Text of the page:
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Proceedings Paper

III-V quantum dot enhanced photovoltaic devices
Author(s): David V. Forbes; Seth M. Hubbard; Christopher Bailey; Stephen Polly; John Andersen; Ryne Raffaelle
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Paper Abstract

State of the art photovoltaics exhibiting conversion efficiency in excess of 30% (1-sun) utilize epitaxially grown multijunction III-V materials. Increasing photovoltaic efficiency is critically important to the space power, and more recently, the terrestrial concentrator PV communities The use of nanostructured materials within photovoltaic devices can enable improved efficiency, potentially in excess of the Shockley-Queisser limit. The addition of nanostructures such as quantum dots (QDs) to photovoltaic devices allows one to extend the absorption spectrum of the solar cell and "tune" the bandgap to the spectral conditions. Multi-junction (MJ) solar cells would benefit from the additional short-circuit current within the middle current-limiting (In)GaAs cell via QD spectral tuning. While QD tuning is a potentially direct approach to increased efficiency of MJ solar cells, it has been reported that significant improvements can be achieved using QDs to form an intermediate band within the bandgap of a suitable matrix. We will discuss the potential for QD photovoltaic devices and examine the challenges associated with multi-junction device growth with the inclusion of quantum dot arrays. GaAs p-i-n solar cells, with and without InAs QD superlattices are used to demonstrate the potential benefits of QDs. The unique challenges associated with the characterization of this type of device will also be presented. Using strain-balanced Stranski-Krastanov QD formation, we have demonstrated sub-gap photon collection and increased current in QD-enhanced GaAs solar cells containing up to 100 periods. Finally, we will discuss the opportunities that these devices hold for high photovoltaic conversion efficiency.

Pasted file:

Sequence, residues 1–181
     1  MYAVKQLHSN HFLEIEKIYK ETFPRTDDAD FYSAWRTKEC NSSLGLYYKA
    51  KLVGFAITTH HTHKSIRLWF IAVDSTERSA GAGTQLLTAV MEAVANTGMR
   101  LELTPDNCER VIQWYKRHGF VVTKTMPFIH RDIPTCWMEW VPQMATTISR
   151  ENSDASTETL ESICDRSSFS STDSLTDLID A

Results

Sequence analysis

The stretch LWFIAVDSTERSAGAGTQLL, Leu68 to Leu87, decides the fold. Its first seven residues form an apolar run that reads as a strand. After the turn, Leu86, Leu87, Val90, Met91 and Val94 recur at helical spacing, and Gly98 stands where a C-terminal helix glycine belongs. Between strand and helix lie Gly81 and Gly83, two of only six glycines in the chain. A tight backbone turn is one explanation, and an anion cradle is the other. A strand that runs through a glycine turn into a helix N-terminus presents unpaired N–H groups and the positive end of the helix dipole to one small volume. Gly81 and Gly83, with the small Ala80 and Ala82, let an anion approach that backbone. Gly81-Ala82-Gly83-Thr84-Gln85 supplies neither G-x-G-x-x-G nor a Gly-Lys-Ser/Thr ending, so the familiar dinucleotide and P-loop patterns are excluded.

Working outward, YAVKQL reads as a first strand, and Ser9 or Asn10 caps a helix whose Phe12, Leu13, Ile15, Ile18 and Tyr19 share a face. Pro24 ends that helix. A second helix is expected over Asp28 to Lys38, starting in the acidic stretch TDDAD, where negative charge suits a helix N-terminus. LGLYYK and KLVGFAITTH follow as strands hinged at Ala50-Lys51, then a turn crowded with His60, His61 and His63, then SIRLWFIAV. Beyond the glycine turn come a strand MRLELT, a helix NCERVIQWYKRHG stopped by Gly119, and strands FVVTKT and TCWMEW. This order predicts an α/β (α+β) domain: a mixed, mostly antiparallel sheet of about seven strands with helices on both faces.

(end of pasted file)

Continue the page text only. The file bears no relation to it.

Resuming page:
Paper Details

Date Published: 24 August 2010
PDF: 10 pages
Proc. SPIE 7772, Next Generation (Nano) Photonic and Cell Technologies for Solar Energy Conversion, 77720C (24 August 2010); doi: 10.1117/12.863142
Show Author Affiliations
David V. Forbes, Rochester Institute of Technology (United States)
Seth M. Hubbard, Rochester Institute of Technology (United States)
Christopher Bailey, Rochester Institute of Technology (United States)
Stephen Polly, Rochester Institute of Technology (United States)
John Andersen, Rochester Institute of Technology (United States)
Ryne Raffaelle, National Renewable Energy Lab. (United States)


Published in SPIE Proceedings Vol. 7772:
Next Generation (Nano) Photonic and Cell Technologies for Solar Energy Conversion
Loucas Tsakalakos, Editor(s)

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